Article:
Sumter County officials investigating dog fighting operation

Sumter County officials investigating dog fighting operation

SUMTER COUNTY, S.C. (WIS) - Investigators with the Sumter County Sheriff's Office are continuing to build a case against an apparent dog-fighting operation that was discovered on June 13, 2019.

Alva Ridgeway, 38, faces a total of 57 charges after 27 dogs, some malnourished and injured, were found in a wooded area behind his house. Investigators also seized equipment consistent with dog fighting and training during the execution of a search warrant.

Ridgeway’s charges include:

  • 27 counts of animal fighting and baiting
  • 24 counts of misdemeanor ill-treatment of animals
  • 3 counts of felony ill treatment of animals
  • Facilitating animal fighting and baiting
  • Possession of a firearm by a violent felon
  • Possession of a stolen vehicle valued at more than $10,000

Ridgeway also faces 21 ordinance violations regarding Sumter County’s tethering law. The ordinance states that chains used to tether dogs cannot be heavier than a 2 gauge chain and must be at least 15 feet in length. Some of the chains used to tether dogs on Ridgeway’s property were 6 feet in length and were larger than a 2-gauge link.

A day after the 27 dogs were relocated to Sumter County Animal Control, a team from Hudson Veterinarian Hospital examined the dogs and confirmed that the scars and wounds on the animals were caused by dogs.

One dog was euthanized on Tuesday because of a severe leg injury and subsequent infection. Two other dogs are in severe condition: one because of an infection from untreated facial wounds and another because of infection from repeated breeding.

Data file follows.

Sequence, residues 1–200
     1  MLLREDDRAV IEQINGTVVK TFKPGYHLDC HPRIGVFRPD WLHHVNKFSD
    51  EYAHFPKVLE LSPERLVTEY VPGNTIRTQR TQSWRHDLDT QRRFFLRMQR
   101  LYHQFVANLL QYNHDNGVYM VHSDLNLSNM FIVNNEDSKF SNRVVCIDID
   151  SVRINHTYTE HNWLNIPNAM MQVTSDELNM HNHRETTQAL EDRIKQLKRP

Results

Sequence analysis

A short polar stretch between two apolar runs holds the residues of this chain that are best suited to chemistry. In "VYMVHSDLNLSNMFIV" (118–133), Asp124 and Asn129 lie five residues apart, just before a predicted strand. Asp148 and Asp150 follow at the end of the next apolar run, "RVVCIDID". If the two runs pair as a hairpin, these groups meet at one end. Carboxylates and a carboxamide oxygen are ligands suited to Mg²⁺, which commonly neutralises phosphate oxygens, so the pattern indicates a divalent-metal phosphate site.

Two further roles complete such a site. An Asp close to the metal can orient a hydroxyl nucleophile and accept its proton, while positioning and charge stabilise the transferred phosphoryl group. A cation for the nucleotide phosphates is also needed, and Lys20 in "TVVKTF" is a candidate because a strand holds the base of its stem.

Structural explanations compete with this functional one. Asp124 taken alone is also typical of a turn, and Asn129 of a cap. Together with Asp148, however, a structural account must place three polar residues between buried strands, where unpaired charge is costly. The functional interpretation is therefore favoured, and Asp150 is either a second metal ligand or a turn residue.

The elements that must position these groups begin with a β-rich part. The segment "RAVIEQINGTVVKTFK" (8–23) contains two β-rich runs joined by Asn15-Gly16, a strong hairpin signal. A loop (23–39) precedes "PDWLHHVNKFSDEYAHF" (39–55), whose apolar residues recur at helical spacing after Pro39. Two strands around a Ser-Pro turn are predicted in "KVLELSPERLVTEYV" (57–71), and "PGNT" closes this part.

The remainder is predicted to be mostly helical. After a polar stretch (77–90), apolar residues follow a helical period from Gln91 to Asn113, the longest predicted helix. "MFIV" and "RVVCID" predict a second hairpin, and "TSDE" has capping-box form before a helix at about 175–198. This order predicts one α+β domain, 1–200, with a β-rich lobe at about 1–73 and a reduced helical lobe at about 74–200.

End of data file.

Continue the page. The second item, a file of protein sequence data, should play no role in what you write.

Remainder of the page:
Other dogs are being treated for flea infestations, infections and malnutrition.

Part of the dogs’ rehabilitation will include evaluations from an outside organization to determine if the animals can be adopted.

While some of the dogs are receptive to human interaction, they could become aggressive if triggered by a specific movement, other animals or objects that resemble equipment used for fighting and training.

“We certainly want to save as many dogs as we can but we also want to protect the public should some of these dogs be too aggressive to take home,” Sheriff Anthony Dennis said. “We appreciate the community’s encouragement so far and the offers to foster or adopt these dogs.”

The Sheriff said he hopes this situation will work out so that most of the dogs can go to a good home.

Though the rehabilitation process may be lengthy, animal control could use immediate help in this effort via donations.

The organization is accepting:

  • Clorox Bleach
  • Chicken, rice and vegetable Pedigree dog food
  • Pedigree choice cuts and canned food
  • Pedigree canned and dry puppy food
  • Milk-Bone snack treats
  • PetLack milk powder for puppies
  • Adams flea and tick spray
  • Alpha Tech Pet KennelSol
  • Germicidal cleaner and disinfectant
  • Bounty paper towels
  • Original scent Lysol spray
  • Original Dawn dish detergent
  • Potty pads

Ridgeway’s bond was set at $137,000 during a hearing at Sumter County Sheriff’s Office Detention Center on Tuesday. He remains in custody, as of Wednesday afternoon.

Alva Ridgeway faces 135 years in prison if he is convicted on all counts of animal fighting and baiting and given the maximum sentence for each charge. He also faces a maximum of $135,000 in fines for those same charges.

For more information regarding donations, call Sumter County Animal Shelter at (803) 774-3232.

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